Washington Nationals right fielder Bryce Harper (34) rounds third base on his fifth inning solo home run. (John McDonnell/THE WASHINGTON POST)

Slump and all, Washington Nationals rookie Bryce Harper still etches a new line in history with every game. He has been through the highs of a rookie season — an all-star selection — and the lows — a slump that has challenged and frustrated him. He has been sent to the bench for days off to relax here and there, including Saturday, which doesn’t sit well with someone used to playing every single day.

In Sunday’s rain-delayed 5-2 win over the New York Mets at Nationals Park, Harper looked like the 19-year-old prodigy who captured the imagination of Nationals fans and the attention of those across baseball with a torrid first two months of his major league career. He smashed a run-scoring triple in the third inning and crushed a leadoff home run in fifth inning — each of which moved him into elite company among major league players his age.

“I think he was trying to send a message to me: ‘Don’t bench me. That’s what you’re missing,’ or something,” Nationals Manager Davey Johnson said of Harper. “He’s always swinging the bat good. I think sometimes he just gets a little frustrated and over-aggressive.”

With the biggest series of the season looming — a three-game set against the Atlanta Braves — the Nationals’ offense righted itself. The night before, baseball’s hottest offense over the season’s second half was shut out for only the fifth time this season. Another meager performance would put the offense on the type of streak it would want to avoid.

Behind Harper and Co., things looked better on Sunday. Danny Espinosa opened the scoring with a powerful two-run home run to the opposite field in the second inning. The team’s first three hitters — Jayson Werth, Ryan Zimmerman and Harper — finished a combined 6 for 12. Zimmerman narrowly missed adding a home run in the seventh inning when he slammed a double off the center field wall. They gave Nationals starter Gio Gonzalez enough offense to work through some shaky command and push the team’s lead over Braves in the National League East to five games.

“We really haven’t had that lineup in there but two or three days,” Johnson said. “I think it’ll start feeding off itself.”

Gonzalez labored at times after sitting through a 21 / 2-hour rain delay — a fact he refused to acknowledge was a factor — and too often fell behind in counts, leaving the ball high in the strike zone. But he wriggled out of jams on the strength of his hard fastball and late-breaking curveball to last 52 / 3 innings and earn his 16th win of the season, the most in Nationals history.

“I was just going out there and trying to keep us in the game as much as possible,” he said. “I was battling out there.”

Gonzalez worked around two singles in the first and another in the second. He allowed two base runners — a single and walk — in the third. He made a leadoff triple by Ronny Cedeno in the fourth inning disappear with two strikeouts and a flyout. His best shot at a clean inning came in the fifth when he struck out leadoff hitter Andres Torres and got a groundout from Justin Turner, but then he allowed a single to David Wright. He battled Scott Hairston, a scourge of left-handed pitchers, for eight pitches before ending the inning with a flyout to left field.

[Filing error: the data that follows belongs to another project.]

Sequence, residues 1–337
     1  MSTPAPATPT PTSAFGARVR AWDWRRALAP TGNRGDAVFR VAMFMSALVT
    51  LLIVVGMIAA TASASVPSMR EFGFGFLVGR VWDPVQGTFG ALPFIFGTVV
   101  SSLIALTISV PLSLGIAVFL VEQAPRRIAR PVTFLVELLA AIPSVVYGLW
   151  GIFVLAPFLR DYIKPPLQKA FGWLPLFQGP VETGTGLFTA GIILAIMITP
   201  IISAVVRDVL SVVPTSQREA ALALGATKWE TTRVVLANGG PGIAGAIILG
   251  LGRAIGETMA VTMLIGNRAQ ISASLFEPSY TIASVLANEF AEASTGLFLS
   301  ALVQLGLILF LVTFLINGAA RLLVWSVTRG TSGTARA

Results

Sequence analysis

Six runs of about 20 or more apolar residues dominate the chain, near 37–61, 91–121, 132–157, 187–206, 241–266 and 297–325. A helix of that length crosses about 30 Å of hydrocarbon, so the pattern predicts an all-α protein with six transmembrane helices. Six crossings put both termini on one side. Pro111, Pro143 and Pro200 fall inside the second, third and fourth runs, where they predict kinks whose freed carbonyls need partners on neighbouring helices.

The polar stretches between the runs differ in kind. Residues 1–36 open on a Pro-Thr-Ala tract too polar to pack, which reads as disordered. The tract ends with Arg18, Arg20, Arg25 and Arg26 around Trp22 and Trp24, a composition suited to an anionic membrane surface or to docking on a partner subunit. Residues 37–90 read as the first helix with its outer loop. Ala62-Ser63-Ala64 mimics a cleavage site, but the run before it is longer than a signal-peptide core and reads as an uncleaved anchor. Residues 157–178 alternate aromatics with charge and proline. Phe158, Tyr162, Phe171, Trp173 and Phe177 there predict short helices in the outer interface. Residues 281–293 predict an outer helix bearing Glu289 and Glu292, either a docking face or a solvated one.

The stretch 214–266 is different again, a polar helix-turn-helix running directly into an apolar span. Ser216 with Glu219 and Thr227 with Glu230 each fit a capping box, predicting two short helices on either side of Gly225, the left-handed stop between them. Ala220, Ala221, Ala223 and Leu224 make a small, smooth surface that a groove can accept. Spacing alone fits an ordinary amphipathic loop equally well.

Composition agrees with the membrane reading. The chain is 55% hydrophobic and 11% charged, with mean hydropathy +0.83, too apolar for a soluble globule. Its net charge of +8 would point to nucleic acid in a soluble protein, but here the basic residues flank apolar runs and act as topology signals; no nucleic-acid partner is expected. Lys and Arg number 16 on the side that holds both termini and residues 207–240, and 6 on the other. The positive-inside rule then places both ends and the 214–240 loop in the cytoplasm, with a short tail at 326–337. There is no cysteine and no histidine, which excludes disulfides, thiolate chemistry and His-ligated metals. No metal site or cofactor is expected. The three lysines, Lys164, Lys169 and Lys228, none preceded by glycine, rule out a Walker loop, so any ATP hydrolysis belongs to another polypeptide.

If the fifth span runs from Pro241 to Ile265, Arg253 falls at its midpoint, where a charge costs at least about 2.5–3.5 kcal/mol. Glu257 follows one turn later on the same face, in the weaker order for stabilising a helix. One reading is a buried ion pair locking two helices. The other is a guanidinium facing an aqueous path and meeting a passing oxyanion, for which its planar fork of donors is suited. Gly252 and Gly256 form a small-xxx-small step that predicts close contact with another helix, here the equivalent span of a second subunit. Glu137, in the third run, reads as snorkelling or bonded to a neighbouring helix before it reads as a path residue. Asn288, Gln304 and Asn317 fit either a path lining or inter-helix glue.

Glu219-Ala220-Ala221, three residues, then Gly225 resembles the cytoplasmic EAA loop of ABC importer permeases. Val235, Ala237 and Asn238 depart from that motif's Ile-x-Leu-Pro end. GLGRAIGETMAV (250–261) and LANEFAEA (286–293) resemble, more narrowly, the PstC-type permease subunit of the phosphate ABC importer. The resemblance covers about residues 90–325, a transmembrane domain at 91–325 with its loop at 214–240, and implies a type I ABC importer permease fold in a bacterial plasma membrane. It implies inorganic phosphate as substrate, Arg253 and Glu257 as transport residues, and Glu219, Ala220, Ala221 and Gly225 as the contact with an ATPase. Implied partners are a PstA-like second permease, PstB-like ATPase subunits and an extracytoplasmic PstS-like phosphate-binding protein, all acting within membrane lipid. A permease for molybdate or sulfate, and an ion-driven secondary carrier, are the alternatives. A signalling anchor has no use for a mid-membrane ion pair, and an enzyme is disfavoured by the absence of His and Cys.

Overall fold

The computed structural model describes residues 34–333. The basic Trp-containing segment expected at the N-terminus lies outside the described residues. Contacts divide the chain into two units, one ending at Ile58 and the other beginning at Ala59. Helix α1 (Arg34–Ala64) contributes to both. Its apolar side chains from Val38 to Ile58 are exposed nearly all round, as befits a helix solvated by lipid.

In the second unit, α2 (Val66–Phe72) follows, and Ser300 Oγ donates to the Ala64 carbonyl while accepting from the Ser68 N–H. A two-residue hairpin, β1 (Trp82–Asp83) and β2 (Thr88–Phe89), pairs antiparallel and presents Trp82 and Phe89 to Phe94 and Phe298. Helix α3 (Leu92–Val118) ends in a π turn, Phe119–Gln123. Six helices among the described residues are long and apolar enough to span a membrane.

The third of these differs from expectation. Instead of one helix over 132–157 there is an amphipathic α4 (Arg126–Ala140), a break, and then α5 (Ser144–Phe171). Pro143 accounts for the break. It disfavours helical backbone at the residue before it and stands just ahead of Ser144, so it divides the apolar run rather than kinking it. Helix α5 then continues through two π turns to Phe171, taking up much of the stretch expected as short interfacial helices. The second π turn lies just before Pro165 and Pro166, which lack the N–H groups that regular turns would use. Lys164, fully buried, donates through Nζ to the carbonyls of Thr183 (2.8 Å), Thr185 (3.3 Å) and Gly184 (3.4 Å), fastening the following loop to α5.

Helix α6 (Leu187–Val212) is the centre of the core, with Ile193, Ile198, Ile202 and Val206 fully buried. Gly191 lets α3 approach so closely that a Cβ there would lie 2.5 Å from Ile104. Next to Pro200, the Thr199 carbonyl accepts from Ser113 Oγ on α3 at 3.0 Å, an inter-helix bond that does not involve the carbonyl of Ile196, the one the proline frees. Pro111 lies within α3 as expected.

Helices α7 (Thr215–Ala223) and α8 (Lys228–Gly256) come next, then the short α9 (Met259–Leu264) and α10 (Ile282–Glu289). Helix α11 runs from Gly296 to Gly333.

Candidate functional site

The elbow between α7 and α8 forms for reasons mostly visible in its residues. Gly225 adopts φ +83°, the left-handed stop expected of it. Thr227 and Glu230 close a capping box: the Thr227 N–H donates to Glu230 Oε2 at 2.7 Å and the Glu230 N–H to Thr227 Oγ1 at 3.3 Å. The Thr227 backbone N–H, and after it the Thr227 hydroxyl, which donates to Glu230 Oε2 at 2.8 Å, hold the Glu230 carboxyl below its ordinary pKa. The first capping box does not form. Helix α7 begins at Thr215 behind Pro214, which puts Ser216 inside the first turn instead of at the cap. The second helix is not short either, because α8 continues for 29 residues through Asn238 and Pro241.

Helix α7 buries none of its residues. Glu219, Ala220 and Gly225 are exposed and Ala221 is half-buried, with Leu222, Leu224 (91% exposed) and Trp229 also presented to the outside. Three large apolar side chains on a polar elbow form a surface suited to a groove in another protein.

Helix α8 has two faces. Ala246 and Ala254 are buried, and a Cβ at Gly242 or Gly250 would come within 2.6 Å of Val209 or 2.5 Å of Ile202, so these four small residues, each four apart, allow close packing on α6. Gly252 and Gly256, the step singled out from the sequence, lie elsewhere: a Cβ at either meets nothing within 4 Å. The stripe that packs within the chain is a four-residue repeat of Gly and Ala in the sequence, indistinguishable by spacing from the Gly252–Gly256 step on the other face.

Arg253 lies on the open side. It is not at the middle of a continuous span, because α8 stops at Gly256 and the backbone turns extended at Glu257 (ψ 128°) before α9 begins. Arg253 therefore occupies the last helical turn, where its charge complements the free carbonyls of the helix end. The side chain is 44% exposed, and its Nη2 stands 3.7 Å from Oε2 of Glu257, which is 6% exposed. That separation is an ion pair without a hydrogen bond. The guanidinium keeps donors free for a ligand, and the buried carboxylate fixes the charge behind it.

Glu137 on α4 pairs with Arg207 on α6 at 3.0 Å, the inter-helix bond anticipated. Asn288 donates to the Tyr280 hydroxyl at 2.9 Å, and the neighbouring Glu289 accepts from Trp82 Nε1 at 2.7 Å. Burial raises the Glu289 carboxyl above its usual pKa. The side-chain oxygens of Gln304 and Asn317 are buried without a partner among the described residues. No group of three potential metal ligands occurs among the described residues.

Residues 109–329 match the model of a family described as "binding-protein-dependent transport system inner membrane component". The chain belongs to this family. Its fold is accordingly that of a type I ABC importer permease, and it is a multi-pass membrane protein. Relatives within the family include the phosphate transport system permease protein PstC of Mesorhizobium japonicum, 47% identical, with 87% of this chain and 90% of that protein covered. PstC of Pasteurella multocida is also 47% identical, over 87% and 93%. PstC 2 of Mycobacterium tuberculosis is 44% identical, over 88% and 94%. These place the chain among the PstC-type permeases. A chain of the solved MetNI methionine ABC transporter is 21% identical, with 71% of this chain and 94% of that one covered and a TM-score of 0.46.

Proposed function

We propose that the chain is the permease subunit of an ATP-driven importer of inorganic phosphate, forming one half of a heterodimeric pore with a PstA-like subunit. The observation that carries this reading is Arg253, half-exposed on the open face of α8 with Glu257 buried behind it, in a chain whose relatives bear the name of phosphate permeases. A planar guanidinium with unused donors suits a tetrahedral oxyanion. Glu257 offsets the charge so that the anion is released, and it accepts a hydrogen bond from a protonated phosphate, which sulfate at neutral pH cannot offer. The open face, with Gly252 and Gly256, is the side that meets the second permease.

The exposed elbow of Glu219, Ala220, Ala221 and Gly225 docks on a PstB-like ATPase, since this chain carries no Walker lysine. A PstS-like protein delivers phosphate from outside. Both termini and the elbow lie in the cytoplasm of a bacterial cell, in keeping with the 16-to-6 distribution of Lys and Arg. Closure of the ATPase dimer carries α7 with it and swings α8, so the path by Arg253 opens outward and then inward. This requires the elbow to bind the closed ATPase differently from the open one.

Gonzalez allowed a leadoff double to Ike Davis in the sixth inning, prompting Johnson to call for Craig Stammen to warm up in the bullpen. Gonzalez nearly escaped again but a two-out walk to Kelly Shoppach ended his day after he allowed only one run but threw 110 pitches. Stammen finished the inning and another, and the rest of the bullpen let the Nationals’ lead stand.

Since the all-star break, Harper has been one of among the easiest outs in baseball. Pitchers have challenged him with breaking balls, pitches off the plate and gotten some generous calls, too. Johnson, now dealing with a healthy and complete lineup, could afford to give Harper a mental break.

After Harper missed the cutoff man on a throw from the outfield in Friday’s game, Johnson told the rookie he wouldn’t start the following day. Harper, in Johnson’s account, wanted to strangle him. He might not have understood what Johnson was doing, the manager said, but it was needed.

“I’m never satisfied with my work,” Harper said in a muted tone following the win. “I’m never satisfied with anything I do. We’re in first place and that’s the biggest thing I care about. My numbers could be really crappy but we’re in first place. That’s all that matters.”

Harper’s smile and excitement were evident on the field Sunday. After he slid into third base with a triple that gave the Nationals a 3-0 lead, he jumped up, slapped his hands together and pointed to the dugout. Following his 12th home run of the season, which made it 5-0, he darted around the bases at breakneck speed and then celebrated with teammates in the dugout. In the series, Harper went 4 for 8 with two home runs and five RBI.

With his blast on Sunday, Harper became the fifth teenager in major league history to hit at least 12 home runs in a season, joining Mel Ott, Tony Conigliaro, Ken Griffey Jr. and Mickey Mantle.

With his sixth triple of the season, he became the first teenager to notch that many since Buddy Lewis did in 1936 for the Senators. He is the first teenager in major league history with six triples and 12 home runs.

“He crushed that ball today,” Johnson said. “I haven’t seen one hit that hard.”

Added Espinosa: “As long as he doesn’t press and as long as he’s not trying to force things to happen, he’ll be fine. Everyone sees the amount of talent he has.”